The Blended Benchmark Moderate is a benchmark comprised of 50% MSCI ACWI, 40% FTSE World Government Bond Index, and 10% S&P GSCI, rebalanced monthly. The MSCI ACWI Index is a free float-adjusted market capitalization weighted index that is designed to measure the equity market performance of developed and emerging markets. The FTSE Government Bond Index (WGBI) measures the performance of fixed-rate, local currency, investment-grade sovereign bonds. The S&P GSCI® is a composite index of commodity sector returns representing an unleveraged, long-only investment in commodity futures that is broadly diversified across the spectrum of commodities. The returns are calculated on a fully collateralized basis with full reinvestment. The Blended Benchmark Moderate returns do not include fees or expenses that are associated with managed accounts. You cannot invest directly in an index. A more detailed description of the benchmark’s constituents is available upon request.

The Blended Benchmark Conservative is a benchmark comprised of 35% MSCI ACWI, 55% FTSE World Government Bond Index, and 10% S&P GSCI, rebalanced monthly. The MSCI ACWI Index is a free float-adjusted market capitalization weighted index that is designed to measure the equity market performance of developed and emerging markets. The FTSE Government Bond Index (WGBI) measures the performance of fixed-rate, local currency, investment-grade sovereign bonds. The S&P GSCI® is a composite index of commodity sector returns representing an unleveraged, long-only investment in commodity futures that is broadly diversified across the spectrum of commodities. The returns are calculated on a fully collateralized basis with full reinvestment. The Blended Benchmark Moderate returns do not include fees or expenses that are associated with managed accounts. You cannot invest directly in an index. A more detailed description of the benchmark’s constituents is available upon request.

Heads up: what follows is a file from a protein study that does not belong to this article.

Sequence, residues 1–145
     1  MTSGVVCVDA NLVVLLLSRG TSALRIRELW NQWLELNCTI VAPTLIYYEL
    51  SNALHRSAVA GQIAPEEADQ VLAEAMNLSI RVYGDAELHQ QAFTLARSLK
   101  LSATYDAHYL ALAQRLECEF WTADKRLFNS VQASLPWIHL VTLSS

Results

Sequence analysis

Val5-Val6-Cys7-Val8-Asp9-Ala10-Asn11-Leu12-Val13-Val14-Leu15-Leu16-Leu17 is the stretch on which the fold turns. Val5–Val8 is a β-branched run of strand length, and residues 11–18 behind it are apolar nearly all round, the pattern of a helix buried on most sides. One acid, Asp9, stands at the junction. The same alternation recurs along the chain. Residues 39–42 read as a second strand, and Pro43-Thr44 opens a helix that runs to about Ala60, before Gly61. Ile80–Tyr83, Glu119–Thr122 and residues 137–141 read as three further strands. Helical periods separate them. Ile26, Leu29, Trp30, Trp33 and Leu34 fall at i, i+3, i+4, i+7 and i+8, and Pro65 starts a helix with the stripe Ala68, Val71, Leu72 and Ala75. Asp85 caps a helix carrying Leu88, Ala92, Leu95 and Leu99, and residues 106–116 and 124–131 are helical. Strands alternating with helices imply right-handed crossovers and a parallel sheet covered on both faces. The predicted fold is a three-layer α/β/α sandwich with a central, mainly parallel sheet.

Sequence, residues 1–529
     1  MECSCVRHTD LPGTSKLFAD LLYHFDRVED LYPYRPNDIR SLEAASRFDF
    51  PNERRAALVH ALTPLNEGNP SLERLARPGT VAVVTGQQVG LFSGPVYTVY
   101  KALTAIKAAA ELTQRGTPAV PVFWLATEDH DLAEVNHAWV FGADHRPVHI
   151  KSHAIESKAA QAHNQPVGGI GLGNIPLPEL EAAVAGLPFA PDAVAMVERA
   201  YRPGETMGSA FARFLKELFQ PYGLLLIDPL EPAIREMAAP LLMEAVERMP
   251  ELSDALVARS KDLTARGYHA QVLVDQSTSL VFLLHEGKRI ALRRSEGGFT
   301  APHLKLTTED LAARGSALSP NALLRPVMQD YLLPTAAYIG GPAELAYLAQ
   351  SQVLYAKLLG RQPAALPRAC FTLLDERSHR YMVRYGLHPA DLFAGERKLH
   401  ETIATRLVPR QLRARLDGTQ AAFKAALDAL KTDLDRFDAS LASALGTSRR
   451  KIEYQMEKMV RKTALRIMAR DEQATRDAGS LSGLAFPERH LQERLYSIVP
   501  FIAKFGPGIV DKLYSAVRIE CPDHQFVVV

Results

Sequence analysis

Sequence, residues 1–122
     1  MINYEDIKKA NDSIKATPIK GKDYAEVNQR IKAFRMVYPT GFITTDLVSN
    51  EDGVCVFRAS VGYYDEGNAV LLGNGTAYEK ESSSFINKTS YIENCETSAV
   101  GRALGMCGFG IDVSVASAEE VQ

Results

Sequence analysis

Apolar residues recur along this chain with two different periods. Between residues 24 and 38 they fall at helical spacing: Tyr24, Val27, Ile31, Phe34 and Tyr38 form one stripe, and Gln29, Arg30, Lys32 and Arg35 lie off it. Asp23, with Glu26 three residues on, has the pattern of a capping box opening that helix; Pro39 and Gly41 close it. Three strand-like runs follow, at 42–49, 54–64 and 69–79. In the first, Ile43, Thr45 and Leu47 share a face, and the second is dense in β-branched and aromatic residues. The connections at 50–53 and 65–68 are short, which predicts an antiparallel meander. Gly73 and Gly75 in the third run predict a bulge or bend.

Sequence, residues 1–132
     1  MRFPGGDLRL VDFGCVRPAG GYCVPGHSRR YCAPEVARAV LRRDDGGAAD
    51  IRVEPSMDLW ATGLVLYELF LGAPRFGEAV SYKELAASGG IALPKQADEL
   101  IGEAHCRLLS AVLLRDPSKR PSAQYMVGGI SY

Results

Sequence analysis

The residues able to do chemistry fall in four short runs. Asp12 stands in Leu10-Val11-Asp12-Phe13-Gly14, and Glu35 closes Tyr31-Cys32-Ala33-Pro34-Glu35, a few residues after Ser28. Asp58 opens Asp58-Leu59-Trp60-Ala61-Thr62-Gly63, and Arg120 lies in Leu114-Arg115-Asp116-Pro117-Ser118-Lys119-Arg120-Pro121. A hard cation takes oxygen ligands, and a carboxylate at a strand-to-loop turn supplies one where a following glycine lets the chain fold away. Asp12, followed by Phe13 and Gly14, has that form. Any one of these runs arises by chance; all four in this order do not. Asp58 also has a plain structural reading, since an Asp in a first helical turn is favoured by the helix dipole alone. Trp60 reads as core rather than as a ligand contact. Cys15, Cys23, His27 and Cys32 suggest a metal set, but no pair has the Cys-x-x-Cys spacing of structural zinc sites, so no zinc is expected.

The Blended Benchmark Income is a benchmark comprised of 90% Bloomberg Barclays Global Aggregate Bond Index, and 10% MSCI ACWI, rebalanced monthly. The Bloomberg Barclays Global Aggregate Index is a flagship measure of global investment grade debt from twenty-four local currency markets. This multi-currency benchmark includes treasury, government-related, corporate and securitized fixed-rate bonds from both developed and emerging markets issuers. There are four regional aggregate benchmarks that largely comprise the Global Aggregate Index: the US Aggregate (USD300mn), the Pan-European Aggregate, the Asian-Pacific Aggregate, and the Canadian Aggregate Indices. The Global Aggregate Index also includes Eurodollar, Euro-Yen, and 144A Index-eligible securities, and debt from five local currency markets not tracked by the regional aggregate benchmarks (CLP, MXN, ZAR, ILS and TRY). A component of the Multiverse Index, the Global Aggregate Index was created in 2000, with index history backfilled to January 1, 1990. The MSCI ACWI Index is a free float-adjusted market capitalization weighted index that is designed to measure the equity market performance of developed and emerging markets. The Blended Benchmark Income returns do not include fees or expenses that are associated with managed accounts. You cannot invest directly in an index. A more detailed description of the benchmark's constituents is available upon request.

The information contained in this presentation related to JAForlines represents the strategies and performance achieved prior to the acquisition.

W.E. Donoghue & Co., LLC is a registered investment advisor with the United States Securities and Exchange Commission in accordance with the Investment Advisors Act of 1940.